September 21, 2017
September 21, 2017
The rapid pace of technological advancements is causing tectonic shifts in the business risk landscape. Social media and artificial intelligence (AI) in particular are causing directors to reconsider how they think and talk about risk. Consequently, these topics were the focus of the first part of a roundtable discussion on the next generation of risk hosted by EisnerAmper LLP and the National Association of Corporate Directors (NACD) in New York last week.
There is an abundance of examples of companies that sustained severe reputational damage after being caught in the center of a social media storm. Most recently, credit reporting company Equifax made headlines after the company disclosed that it was the subject of a major data breach that compromised the information of roughly half of the U.S. population. The company’s offering of free credit monitoring to affected customers only made matters worse: several print and digital news outlets, including The New York Times, analyzed the terms of the offer, which suggested that by signing up for the service, a person relinquished his or her right to take legal action against Equifax. While the company later changed the legal language in another effort to assuage public concern, reestablishing its trustworthiness may be more of an uphill battle.
“Some of these things would have always been in the news, but the amount of time and the quickness with which news reaches an audience is unbelievable,” EisnerAmper Audit Partner Steven Kreit observed. “Boards need to make sure there’s a social media strategy throughout the company. Boards need to ask management what it has planned for and make sure they can react to those issues as they come up. It’s also important to have policies around social media. What is the CEO allowed to say? Are they allowed to have personal accounts and use that to disseminate company information?”
When attendees were asked if they knew their company’s social media policy backwards and forwards, few indicated that they did—but there was some debate as to how necessary this is. “I don’t think it’s appropriate for a board member to know the details of what the policy is,” one director opined. “What the board needs to know is that there’s a policy and that employees know what they can and cannot say about the company.”
Kreit agreed. “You don’t want to get too far into the weeds,” he said, “but a CEO may react to something in the middle of the night and that response may harm the company. And board members need to make sure the company doesn’t get hurt.”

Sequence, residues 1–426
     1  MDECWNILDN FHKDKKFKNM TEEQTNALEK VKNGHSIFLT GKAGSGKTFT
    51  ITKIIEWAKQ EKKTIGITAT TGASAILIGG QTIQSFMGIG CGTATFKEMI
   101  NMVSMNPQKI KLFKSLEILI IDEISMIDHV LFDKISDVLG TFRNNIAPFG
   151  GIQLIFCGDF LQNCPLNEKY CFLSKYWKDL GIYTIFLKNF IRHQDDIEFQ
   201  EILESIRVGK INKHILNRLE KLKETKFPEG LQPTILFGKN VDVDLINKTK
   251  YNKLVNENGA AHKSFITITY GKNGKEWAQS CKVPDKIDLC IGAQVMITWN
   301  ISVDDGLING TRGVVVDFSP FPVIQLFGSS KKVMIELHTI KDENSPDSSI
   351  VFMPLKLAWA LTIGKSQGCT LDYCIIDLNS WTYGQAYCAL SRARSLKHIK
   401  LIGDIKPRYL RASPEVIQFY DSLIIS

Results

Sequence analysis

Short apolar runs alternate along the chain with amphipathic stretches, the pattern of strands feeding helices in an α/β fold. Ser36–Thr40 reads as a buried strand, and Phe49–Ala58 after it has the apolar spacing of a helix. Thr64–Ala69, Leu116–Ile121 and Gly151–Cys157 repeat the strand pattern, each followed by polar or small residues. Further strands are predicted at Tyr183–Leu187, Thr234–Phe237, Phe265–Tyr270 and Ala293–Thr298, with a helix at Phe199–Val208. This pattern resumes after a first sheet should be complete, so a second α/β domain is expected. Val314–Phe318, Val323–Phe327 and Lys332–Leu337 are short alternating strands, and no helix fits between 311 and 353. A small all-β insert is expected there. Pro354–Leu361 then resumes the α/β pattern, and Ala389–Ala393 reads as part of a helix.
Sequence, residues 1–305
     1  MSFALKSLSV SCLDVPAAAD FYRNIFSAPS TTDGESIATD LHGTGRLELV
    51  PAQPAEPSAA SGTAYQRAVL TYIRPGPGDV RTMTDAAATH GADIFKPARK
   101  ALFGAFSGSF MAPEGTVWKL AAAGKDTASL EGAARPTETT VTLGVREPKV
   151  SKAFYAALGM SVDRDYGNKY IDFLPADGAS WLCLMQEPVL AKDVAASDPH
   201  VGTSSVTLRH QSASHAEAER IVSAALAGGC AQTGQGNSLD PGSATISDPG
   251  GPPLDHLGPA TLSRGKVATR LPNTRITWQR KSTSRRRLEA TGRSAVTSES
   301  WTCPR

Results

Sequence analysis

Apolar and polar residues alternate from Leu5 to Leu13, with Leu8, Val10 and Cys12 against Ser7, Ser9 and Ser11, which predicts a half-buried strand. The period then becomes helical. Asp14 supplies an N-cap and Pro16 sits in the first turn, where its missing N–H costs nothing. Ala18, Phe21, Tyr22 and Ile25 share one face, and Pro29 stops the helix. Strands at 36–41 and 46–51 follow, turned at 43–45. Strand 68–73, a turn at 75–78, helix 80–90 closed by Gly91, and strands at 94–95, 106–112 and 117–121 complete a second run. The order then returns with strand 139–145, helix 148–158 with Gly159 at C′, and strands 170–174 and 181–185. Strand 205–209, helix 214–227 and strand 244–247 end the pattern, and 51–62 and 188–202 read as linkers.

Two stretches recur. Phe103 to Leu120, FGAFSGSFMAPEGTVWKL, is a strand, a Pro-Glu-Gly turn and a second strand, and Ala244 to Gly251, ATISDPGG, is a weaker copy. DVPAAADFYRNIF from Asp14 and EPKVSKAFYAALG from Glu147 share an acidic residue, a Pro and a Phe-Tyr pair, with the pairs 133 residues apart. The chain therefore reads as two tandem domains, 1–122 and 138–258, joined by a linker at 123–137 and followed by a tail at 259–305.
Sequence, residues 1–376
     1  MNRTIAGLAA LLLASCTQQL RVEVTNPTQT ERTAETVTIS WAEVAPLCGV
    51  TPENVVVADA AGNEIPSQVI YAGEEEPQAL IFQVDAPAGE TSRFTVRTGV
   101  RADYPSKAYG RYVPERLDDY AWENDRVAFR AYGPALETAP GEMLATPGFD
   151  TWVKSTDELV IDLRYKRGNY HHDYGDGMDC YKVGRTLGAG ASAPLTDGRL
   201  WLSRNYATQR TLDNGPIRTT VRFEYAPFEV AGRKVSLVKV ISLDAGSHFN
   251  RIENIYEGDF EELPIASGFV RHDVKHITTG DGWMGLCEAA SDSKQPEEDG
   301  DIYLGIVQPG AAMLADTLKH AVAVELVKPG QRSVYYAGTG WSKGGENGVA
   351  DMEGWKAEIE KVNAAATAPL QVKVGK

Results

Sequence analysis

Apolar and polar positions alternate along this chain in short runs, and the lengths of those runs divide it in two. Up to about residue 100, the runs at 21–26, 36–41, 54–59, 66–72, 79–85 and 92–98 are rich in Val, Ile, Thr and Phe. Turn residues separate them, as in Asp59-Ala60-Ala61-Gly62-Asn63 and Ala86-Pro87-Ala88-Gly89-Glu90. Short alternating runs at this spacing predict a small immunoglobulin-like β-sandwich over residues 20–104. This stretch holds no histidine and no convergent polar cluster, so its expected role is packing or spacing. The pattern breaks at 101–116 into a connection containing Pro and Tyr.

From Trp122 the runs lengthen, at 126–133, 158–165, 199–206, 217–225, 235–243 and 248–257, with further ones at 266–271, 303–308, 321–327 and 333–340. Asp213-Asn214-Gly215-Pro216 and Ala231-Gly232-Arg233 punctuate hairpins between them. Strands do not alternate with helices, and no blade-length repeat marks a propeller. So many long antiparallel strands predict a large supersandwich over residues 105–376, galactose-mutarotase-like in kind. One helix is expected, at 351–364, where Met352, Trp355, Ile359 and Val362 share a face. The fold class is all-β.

While most of the discussion focused on preparing for the worst, one attendee observed that a company response plan that is effectively used to respond to negative feedback on social media can not only curb a damaging situation, but help to restore trust in the company.
Discussion then turned to AI. Here, some companies are ahead of the curve in applying technology that has the power to parse through massive amounts of data to make a determination about something. Take for example, IBM’s Watson, the supercomputer that famously competed on the game show Jeopardy!, facial recognition software and self-driving cars. Here, the risk is that AI is advancing so rapidly as a disruptor across nearly every industry. If a company isn’t paying attention now, the competition will leave it in the dust later. But AI is a broad subject area and identifying the elements that are most relevant to a board agenda—namely the risks—can initially seem daunting.
“These are conversations I rarely hear discussed around the boardroom table,” Kreit remarked. “And these are risks that keep changing.”
“An interesting exercise is to look at risk factors in public disclosures,” one attendee said. “We look at competitors and it’s easy to see what risks they are identifying in the same industry.”
“In the conversations I’ve had, it isn’t so much about whether the machine will do its own thing and crush humans as much as asking what fundamental technology are we not using to help us be more competitive and customer-focused,” one attendee offered. “The other thing is, technologists sometimes rely too much on technology. At some point, a human being has to put subjectivity in the mix to make sure the automated methodology you employed doesn’t come back and bite you. This conversation comes through the CISO [chief information security officer] on my board as well as the CTO [chief technology officer] together.” Another director remarked that these discussions take place on the audit committee level.
“It’s important to not think about technology and risk without it being an integral part of the strategy discussion,” another director piped in. “If it isn’t, I think it becomes an academic conversation and you’re walking ahead with one eye open and one eye closed.”
To this end, and in closing this portion of the roundtable, another attendee remarked on how board composition it critical in positioning the board to oversee this issue in the years ahead. “If you don’t have enough forward-looking people with experience from other industries, you’re doomed. Look at who you’re working with and have some sense of what you are [as an organization], what you want to be, and how you’re going to get there.”
Next week, the NACD Board Leaders’ Blog will feature roundtable discussion highlights that explore geopolitical and regulatory risks.